Source: Teachers and Teaching: theory and practice, Vol. 16, No. 2, (April 2010), 219–232
(Reviewed by the Portal Team)
In this conceptual article, the author considers two apparently contradictory dynamics in learning.
First, the Winnicottian notion of the split-off intellect, in which individual subjectivity is skewed toward thinking and away from affect.
Second, an inversion of the first notion, in which affect splits off to form the central domain of experience, relationship, and defense against difficulty.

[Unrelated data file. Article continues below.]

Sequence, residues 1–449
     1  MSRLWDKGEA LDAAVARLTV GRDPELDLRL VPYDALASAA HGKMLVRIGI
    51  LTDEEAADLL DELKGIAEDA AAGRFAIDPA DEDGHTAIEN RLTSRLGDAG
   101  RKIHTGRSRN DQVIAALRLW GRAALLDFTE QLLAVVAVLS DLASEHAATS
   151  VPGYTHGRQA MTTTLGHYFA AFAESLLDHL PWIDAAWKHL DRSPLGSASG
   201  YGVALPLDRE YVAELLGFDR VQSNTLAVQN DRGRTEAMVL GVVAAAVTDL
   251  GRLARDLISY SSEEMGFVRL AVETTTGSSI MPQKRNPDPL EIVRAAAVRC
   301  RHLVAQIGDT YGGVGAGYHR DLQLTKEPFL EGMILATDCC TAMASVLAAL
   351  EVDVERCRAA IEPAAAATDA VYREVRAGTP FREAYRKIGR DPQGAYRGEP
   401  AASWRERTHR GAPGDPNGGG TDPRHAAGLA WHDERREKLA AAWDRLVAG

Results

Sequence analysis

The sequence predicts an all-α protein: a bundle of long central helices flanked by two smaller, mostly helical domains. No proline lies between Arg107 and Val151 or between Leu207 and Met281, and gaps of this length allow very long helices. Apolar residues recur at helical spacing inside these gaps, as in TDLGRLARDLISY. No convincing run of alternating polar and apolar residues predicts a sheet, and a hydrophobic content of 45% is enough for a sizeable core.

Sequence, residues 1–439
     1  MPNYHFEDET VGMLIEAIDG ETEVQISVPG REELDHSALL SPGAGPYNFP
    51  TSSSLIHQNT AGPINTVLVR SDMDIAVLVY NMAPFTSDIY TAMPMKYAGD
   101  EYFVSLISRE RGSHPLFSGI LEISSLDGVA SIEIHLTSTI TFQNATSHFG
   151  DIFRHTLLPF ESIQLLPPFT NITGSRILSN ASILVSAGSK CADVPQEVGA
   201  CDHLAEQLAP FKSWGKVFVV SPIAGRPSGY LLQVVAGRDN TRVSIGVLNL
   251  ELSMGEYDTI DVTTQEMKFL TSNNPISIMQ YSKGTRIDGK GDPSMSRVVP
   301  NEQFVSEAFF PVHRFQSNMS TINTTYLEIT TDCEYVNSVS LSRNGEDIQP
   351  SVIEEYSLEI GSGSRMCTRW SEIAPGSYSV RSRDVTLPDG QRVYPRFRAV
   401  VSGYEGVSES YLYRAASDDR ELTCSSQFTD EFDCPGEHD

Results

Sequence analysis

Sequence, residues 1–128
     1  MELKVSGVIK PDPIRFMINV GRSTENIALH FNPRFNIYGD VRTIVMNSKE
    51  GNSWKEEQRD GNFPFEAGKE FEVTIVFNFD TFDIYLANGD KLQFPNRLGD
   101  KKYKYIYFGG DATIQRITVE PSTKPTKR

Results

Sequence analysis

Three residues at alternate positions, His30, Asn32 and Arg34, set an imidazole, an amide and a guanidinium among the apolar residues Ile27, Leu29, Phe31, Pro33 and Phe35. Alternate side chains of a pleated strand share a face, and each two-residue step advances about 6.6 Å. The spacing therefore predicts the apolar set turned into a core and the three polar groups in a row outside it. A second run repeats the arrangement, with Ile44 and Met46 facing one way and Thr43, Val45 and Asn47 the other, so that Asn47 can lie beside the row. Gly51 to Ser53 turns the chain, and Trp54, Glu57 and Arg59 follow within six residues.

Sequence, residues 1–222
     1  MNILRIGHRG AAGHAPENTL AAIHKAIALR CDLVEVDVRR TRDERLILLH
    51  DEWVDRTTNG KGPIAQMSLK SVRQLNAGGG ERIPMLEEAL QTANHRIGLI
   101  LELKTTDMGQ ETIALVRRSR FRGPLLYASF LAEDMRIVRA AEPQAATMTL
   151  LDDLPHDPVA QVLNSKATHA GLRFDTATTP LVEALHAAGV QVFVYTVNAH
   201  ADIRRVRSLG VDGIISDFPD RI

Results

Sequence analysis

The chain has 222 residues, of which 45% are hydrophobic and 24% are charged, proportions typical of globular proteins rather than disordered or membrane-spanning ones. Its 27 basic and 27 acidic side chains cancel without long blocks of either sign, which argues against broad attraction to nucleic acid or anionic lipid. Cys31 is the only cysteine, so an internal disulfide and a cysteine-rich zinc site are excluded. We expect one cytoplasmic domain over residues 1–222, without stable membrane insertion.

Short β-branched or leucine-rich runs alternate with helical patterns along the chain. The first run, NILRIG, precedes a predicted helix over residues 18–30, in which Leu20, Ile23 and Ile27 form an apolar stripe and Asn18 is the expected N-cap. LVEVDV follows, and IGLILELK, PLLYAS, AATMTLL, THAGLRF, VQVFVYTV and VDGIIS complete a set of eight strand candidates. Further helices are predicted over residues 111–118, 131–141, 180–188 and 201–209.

The author uses narratives from several contexts in her own educational history – a student-teaching experience, a graduate course in educational theory, and my work as a preservice teacher educator-to discuss these two notions.
The author further conceptualizes these narratives, opposite yet similar, not as problems to be overcome but as important movements in the work of coming to new ideas or excavating buried emotions.
Finally, the author considers how educators in general, and teacher educators in particular, might facilitate the working-through of intellect/affect splits with the aim of helping students integrate thinking and feeling as they begin or continue their work in the classroom.